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jj 4 1 HE OGDKN STANDARD: OGDEN, UTAH, MONDAY, AUGUST 4, 1919.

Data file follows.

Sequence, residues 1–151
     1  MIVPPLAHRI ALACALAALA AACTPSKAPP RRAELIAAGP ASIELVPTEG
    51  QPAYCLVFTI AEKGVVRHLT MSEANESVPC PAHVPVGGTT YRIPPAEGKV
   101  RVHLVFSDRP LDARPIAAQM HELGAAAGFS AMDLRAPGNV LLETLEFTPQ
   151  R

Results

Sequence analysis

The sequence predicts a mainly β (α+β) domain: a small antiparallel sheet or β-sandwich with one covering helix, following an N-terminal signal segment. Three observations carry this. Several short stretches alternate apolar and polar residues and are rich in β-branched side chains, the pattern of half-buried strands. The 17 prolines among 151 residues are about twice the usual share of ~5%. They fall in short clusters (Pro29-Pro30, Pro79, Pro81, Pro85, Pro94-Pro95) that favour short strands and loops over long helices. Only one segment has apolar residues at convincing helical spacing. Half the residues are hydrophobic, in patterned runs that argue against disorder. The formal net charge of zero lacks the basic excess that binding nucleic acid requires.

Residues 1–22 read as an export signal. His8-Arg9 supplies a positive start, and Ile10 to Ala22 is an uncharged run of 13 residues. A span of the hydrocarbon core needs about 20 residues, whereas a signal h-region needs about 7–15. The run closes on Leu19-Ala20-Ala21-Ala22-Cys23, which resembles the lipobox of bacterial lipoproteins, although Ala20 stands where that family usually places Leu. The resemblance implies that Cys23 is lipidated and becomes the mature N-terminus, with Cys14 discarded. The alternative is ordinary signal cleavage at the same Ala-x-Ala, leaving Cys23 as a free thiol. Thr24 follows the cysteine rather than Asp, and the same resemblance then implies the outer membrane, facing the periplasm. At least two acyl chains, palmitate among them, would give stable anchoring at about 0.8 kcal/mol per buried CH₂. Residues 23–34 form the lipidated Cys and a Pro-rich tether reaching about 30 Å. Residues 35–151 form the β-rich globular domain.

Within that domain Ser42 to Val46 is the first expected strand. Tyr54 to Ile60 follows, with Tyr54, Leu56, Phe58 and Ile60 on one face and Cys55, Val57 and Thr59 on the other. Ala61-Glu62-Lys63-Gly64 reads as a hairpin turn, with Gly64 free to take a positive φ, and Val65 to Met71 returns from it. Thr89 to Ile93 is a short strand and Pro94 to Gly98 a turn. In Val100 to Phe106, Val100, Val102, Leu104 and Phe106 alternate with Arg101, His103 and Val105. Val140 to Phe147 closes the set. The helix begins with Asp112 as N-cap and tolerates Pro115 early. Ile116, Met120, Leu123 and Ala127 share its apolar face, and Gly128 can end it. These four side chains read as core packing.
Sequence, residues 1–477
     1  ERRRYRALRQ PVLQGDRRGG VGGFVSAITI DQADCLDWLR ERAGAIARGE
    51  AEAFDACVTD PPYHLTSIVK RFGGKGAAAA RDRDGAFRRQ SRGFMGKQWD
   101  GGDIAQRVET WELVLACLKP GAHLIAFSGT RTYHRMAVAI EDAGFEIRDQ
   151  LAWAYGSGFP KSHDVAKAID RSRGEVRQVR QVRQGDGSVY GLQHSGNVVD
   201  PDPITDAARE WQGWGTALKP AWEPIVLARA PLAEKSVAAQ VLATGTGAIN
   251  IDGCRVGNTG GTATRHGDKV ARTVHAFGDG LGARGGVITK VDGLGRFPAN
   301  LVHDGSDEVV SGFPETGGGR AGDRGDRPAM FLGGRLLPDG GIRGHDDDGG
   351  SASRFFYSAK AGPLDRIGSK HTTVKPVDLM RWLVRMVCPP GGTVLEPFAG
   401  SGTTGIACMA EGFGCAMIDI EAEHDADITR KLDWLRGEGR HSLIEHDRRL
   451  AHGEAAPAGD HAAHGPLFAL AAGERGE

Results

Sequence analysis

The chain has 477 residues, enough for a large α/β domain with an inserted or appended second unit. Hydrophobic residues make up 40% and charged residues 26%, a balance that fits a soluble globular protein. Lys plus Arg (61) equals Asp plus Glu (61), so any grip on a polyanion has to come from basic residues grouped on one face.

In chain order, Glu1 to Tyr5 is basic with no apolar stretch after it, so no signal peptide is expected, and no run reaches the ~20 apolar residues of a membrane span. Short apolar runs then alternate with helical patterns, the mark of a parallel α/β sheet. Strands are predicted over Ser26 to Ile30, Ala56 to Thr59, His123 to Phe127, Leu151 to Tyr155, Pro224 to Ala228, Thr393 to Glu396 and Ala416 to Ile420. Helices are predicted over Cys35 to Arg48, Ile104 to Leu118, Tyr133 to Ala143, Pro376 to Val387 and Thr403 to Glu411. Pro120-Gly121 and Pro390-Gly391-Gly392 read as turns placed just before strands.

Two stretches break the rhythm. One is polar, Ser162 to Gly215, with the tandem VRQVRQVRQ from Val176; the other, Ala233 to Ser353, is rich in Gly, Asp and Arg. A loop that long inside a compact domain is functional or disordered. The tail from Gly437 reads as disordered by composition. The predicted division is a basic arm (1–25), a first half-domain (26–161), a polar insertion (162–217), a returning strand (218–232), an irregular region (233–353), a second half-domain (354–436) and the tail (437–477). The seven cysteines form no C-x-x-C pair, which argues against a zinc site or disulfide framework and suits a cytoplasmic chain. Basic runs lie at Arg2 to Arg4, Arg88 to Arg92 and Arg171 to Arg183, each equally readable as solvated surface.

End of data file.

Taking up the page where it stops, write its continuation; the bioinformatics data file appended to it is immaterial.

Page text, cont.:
1 -.ji Uemb: of the Audit Bureau of Circulation and the Aiooclated lnn. The Associated Press i3 exclusively entitled to the U6e for republication of all news credited to It not otherwise credited in this paper and also tha . local news published herein. I FIRES IN OGDEN. Again The Standard directs attention to the large number of mys terious fires occurring in Ogden, and urges an investigation and a pub lic report. If the police department is not equal to the task the merchants and other organizations of the city should be called on to assist in going j to the bottom of the fires. Before more serious losses are suffered, the big men of Ogden should begin to outline a plan of action and see to it that vigorous work is performed in bringing thi incendiarsm to an end. So for the fires have been in isolated spots and weather conditions have not been favorable to a quick spread of the flames, but later, if j a fire gets well underway in the heart of our business district, with a I heavy canyon wind prevailing, a perilous situation will develop rapid-j ,M ly and a conflagration may follow. Let us not tiusl to luck, but proceed to guard against possible losses by encouraging repeated conferences and organized effort. It may be that we are unduly disturbed. Still whatever safeguards be taken will do no harm, and prcvcntic measures should prove worth jUT l while. I lb MAURICE'S ARTICLES ON THE WAR. In a scries of articles, Major General Sir Frederick Maurice main tains that the great victory over the Germans was attained through General Foch's surprise attacks, planned far in advance. We doubt the accuracy of this statement, first, because neither General Foch nor any of the allied commanders werr- masters of the situation up to the time- of the cornier attack of July 18, 1918' and the allied armies were being driven back, and further back. Finally, when the Germans created a sharp salient from Soissons to Chateau Thierry, after having formed a deeper, broader salient pointing toward Amiens, not onlv General Foch, but many writer: not connected with military establishments, saw an opening for a mighty counter blow. Foch deserves great credit for the energy and secrecy with which he gathered his forces along the west side of the salient from the Marne to the Aisne, but the dash and spirit put into that attack was in great part due to the presence of the Americans, and, after all, it was that irresistible forward moement that counted most. General Maurice has a habit of referring to the number of divi- sions Which were in action at different points. Why these military I I writers insist on a term so indefinite is not made evident. An American division at war strength numbered from 27,500 to j 47,500, while German and British divisions were reduced to as low as , 8000 men. One American division was equal to two or three Ger man divisions. One of the great contributing causes of the German break down, after the mighty allied offensive started, was the loss of equipment. One of the French staff makes this review of die German collapse : The German army, after three and a half months of re peated reverses, was enormously weakened in men and material, broken in spirit and absolutely incapable of recovering its strength. This lamentable condition of its forces was patent to the eyes of the German high command, to whom it was ob viously irremediable in face of an enemy that was fully resolved to take every advantage of the unceasing growth of its reserves, drawn from America, to keep up the struggle without the slight est thought of a truce. The discouragement of Germany sprang not only from her knowledge of her own desperate situation, but also from her realization of the situation of her adversary. The latter was bringing into action every day artillery lavishly furnished with munition and ery superior to her own. The allied aviation had won unquestioned supremacy in the air, and the German intelli gence service, whatever its shortcomings may have been, could not possibly have failed to become acquainted with the fact that at the beginning of November, the allies had reserves available to the equivalent of about eighty divisions, which number could only continue to increase. On October 3, 1918, Field Marshal von Hindenburg wrote to Prince Maximilian of Baden, who was then imperial chancellor, as follows: "Berlin, October 3, 1918. "To the Imperial chancellor: "The supreme commander of the army adheres to his request, formulated on Sunday- September 29, 1918, for an immediate offer of peace to our enemies. "In consequence of the collapse of the Macedonian front and of the diminution of our reserves for the western front which has resulted therefrom; in consequence, also, of the impossibility we find of making good the very serious losses that have been in flicted on us in the combats of the last few days, there no long er remains any hope so far as it is possible for a man to judge of compelling the enemy to make peace. "The enemy, on his part, is daily throwing fresh reserves into the struggle. Nevertheless, the Geiman army remains firm and is triumphantly repulsing all attacks. The situation, how ever, is becoming more cniical every day, and may force the high command to take decisions involving very serious conse quences. "Under these conditions it will be better to cease the strug gle, in order to avoid useless looses to the German people and their allies. Every day is costing us the lives of thousands of brave soldiers. (Signed) "HINDENBURG. Field Marshal." "TURN DOWN THE LIGHT. " These Were Roosovelt's Last Words. (By Dr. A. S. Condon.) "Turn down the light. A star of brig-hter rnv Will guide ray feet aright Through mystic solitudes of this strange way To where there is no night. "God save my country in this fearsome stress Of perils manifold ! Hoar Thou Thv ohildren's meanings of distress, nr mtv 'g hand withhold "Would T could tarry longer in 1 ho Keld Among neglected sheaves! Mv gleaners reap a more abundant yield Than Reason now perceives, "O. T .mi loath to ;jo ! The word of Harm Threatens the ihmno of Right! But now, as no 'or before, I lower my arm To Death) Turn down the light. Ogden. Utah. RIOTING IN LIVERPOOL. N'ows from England and other parts of r. irnpo should he studied by our pre. pie so as to avoid the pitfalls which are causing distress across the ocean There is restlessness, uneasiness and even hysteria. Chi-ir. (kit pfrio-X sC unrest, the American laborer must keep a mental bnlnnce. Here la a dispatch from Liverpool, telling of all night riots and alarming condii mns : LIVERPOOL, Aug T Liverpool is In the grip of Holliganism. For two nights the city has been given over to riot and pillage. Scores of shops have boon smashed and ri fled At one place along the lines of docks the gates were broken open, and the mob Btorined the huge food warehouse, carrying off stocks of bacon, ham, lard, sugar, rice and tinned stuffs. Intermittent looting has contin ued in various parts of the city throughout the day. Soldiers have been called out to protect proper ty, but m most eases the rioters offered no resistance and ran when the troops arrived. There has been a raid on a sugar factory, and there was an amazing scene in the Vaux Hall district when the mob smashed their way into a beer bottling and looted it Men, women and hr made their way into the Sin. bj and emerged loaded up wtih bottles of hor and stoat. The3e wero opened and consumed in the roadway, th empty bot tles being smashed on .the gran ite Bt reels, which were a mass of broken glass. Oiher rioters came out with 'cases of stout and beer, which they carried away. Barrels of beer were rolled into the main thoroughfare and broached in the open. The crowd drank and danced in the road. Scenes of that kind are disgraceful and injure the cause of the masses. Generally these disturbances are due to false leadership on the part of the working classes. Men who have no sincere attachment to labor unions, oft en worm their way into thop organi zations and, becoming radicals, lead QOMPERS PLEADS FOR GREATER j LAB ORRIQHTS ! AMSTERDAM, Friday, Aug 1 (BtI ' the Associated Press) Samuel bom pers. president nf the American Fed oration of Labor and head of wjM American council to the lntcrnaUoniSff trades union federation In session heie, pleaded for greate- rights for 3 bor today. His address followed thl report ol a committee which said ll could not accept the charter givpn bor in the peace treat: as a full eiT3 preesion of the workers' demands M r ( Jomp' i drmundi d thai ahJ should noi bo n ;un1of aa an artjria of commerce. He urged also that J seamen's act be enacted to pern 'or to ' o- w r..n ihev wore i o ', II, plcided for thti equalit) of women an: m-n and th abolition of voluntary sc-niccs. German d legates dlspM. d Mr Gmm pcrs urgunv nt. which, they said, mad il ippear Europ' 1 I - r- .ini.-.ns were tgej Conservative They demanded that ttm workei ti ra r--.i'ixation of twH Berne conference's program, includin; Ihe regulation ol rloidrcn'.-; educatlojl women's labor, -horiei hours, SundM rest and he ip i ; ion or home ,n j duslriefl , W A. Appl n. Mi.- new prfirifnt of the organization. 10K corr pnn. here thai r ,h unfortunate that the Germ m hould have !irupn tO que :on tho 'leel-i; ; ion of Hr-rr nbacl on Germany's war rcsnoal Bibillt s . which, v h n r ceptod b Hum Legjcn and 1 1 1 1 Huber, had broken down ma iv. barriers and had 'opene2 II the way to i eeonr ilia'.ion." j N "Partial n-pudiat mi nf ih.vc stateJ l 'i' "" " nimed'. 1 .. USplclOU a : ' " hat (jwj man wa Insincere," therinloniiBtgto ThisT3 ! ihe time for union men to throw J I lae lead nd seek counsel from tat I quiet, con home owning mtm I bera of their organizations. j K p awry i : om .irike as loJ I as po ildo and it;: t lo the rondtaQ, pr jsure o( Hie justice of vour del r I man da to bring results quite as coofl as would come from striking. j t 00 1 I Read the Clarified Ad ' K Read the Classified Ads. , h .j I 11 BETTEH TIMES . 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